Never2501, Pastel and Austin McManus (contributing editor at Juxtapoz magazine and also a photographer) are reaching out to you and the art community to help make an upcoming project a reality. The three artists are planning to collaborate on the Mirrorless Project, a series of complex installations this year during the Miami art fair craziness. These installations for the Mirrorless Project will take the form of wallpaintings and specially placed mirrors homes at Wynwood, Miami. It’s a bit difficult to explain, so here’s a mock-up of how the mirrors and the wallpaintings might interact at one of the houses:
One thing I’ve always admired about Never2501 is his curiosity with and embrace of how an artwork does not have to be a static thing, but can change over time in ways that an artist can only attempt in vain to control. The mirrors in this project are just one more example of that curiosity.
Pastel and Never2501 have worked on a series of collaborative and customized prints that they are using to crowdfund the project. Just as Christo and Jeanne-Claude sold preparatory sketches to fund their public projects, Mirrorless Project is being funded by sales of the print shown at the top of this post, essentially a preparatory piece for one of the installation sites. And there’s a lot of customization to these prints. They are one-layer screenprints. So, in the above piece the only thing that’s not handpainted is the drawing of the house. Everything beyond that is unique.
This Never2501 and Pastel collaborative and customized print is an edition of 50 plus 10 artist proofs and measures 70 x 100 cm. Only the APs of the edition are left, at $150 each. You’re basically buying an original given the amount of customization, so don’t hesitate too long if you’re thinking about picking one up. To buy a print and help fund the Mirrorless Project, just email firstname.lastname@example.org.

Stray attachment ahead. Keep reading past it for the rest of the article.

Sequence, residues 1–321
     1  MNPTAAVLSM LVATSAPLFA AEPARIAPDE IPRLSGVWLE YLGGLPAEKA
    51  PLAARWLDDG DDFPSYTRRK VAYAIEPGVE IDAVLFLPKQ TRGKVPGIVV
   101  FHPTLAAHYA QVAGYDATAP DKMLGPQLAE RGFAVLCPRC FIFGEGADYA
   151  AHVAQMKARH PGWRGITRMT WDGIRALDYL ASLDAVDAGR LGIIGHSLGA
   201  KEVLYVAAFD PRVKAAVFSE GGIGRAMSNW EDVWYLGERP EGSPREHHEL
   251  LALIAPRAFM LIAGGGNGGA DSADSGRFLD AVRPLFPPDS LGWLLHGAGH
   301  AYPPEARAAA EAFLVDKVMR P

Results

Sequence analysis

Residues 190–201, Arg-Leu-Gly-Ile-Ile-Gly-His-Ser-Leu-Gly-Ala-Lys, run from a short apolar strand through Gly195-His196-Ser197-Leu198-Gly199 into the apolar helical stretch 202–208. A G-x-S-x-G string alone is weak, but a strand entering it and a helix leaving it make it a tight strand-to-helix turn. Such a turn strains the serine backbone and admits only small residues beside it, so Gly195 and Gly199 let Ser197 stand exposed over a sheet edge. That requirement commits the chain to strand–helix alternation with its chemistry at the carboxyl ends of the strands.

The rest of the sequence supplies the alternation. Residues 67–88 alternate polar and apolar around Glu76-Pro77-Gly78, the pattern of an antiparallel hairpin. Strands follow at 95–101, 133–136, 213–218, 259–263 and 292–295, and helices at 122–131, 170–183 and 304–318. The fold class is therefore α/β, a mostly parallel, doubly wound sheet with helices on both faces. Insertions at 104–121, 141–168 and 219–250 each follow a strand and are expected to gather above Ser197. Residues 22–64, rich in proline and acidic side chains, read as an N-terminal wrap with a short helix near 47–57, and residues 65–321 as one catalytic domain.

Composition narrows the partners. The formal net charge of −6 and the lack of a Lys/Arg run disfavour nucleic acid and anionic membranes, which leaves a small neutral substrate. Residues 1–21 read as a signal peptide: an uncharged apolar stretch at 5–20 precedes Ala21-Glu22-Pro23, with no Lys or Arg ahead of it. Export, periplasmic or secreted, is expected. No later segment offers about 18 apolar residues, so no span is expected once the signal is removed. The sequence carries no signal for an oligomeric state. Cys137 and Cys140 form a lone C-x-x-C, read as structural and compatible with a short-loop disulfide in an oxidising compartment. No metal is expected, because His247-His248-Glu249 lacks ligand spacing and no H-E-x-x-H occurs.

Pastel recently finished a wall in Buenos Aires, Argentina. What I like of Pastel’s work is how it references so neatly and effortlessly his influences in archetectural studies and demonstrates a hightened conscience of lines, shapes, and the richness that can expressed utilizing the absence of colors.
Latin America seems like a treasure trove of street art and graffiti. I could spend hours on end looking through these works through groups on Flickr. But for people like me who can’t see it in person, that seems to be the only way to tap into that vibrant and energetic scene. In the last 2 years, I’ve come to know and love a few Argentinian street artists (a few of whom will be featured in this show) but I’m aware that there are so many others who I have yet to come across!
The Talking Walls of Buenos Aires is a group show curated by Graffitimundo, which is based around just that – bringing works by a few of Argentina’s leading street artists to a gallery in Washington DC. Opening July 13th at 6pm at The Fridge gallery, you can catch the work of Buenos Aires Stencil, Cabaio Stencil, Chu, Defi, Ever, Fede Minuchin, Gualicho, Jaz, Malatesta, Mart, Pastel, Pedro Perelman, Poeta, Prensa La Libertad, Pum Pum, Roma, Stencil Land, Sonni, Tec and Tester.
Pastel aims to create a commentary on a the current existence of man and space, to reflect on how these two have been separated and one can no longer see the reflection of the creator and the space that was built to be lived in.
As a result, the lack in what it means to inhabit, live in, to dwell does not refer to the lack of dwellings. The main absence is due to a need to find the essence of inhabiting, to learn how to inhabit, to live in.
Argentinian artists Elian and Pastel collaborated on various pieces during this year’s Fountain Art Fair in Wynwood, Miami. Both artists exhibited works inside the fair, as part of a collaboration curated by Atlanta’s public art non-profit Living Walls.
The above collaboration utilizes use of fleeting, temporary mediums that captures Elian’s and Pastel’s playful and meaningful interaction with public art. Pastel uses chalk as his medium; creating organic relationships with weather and the passing of time, while Elian’s repetitive lines will remain and play with the empty space that evolved through the lapse of time.
This collaboration was one of my favorites that I saw in Wynwood this year. Both pieces communicate with each other but also have the ability to stand on their own as separate works.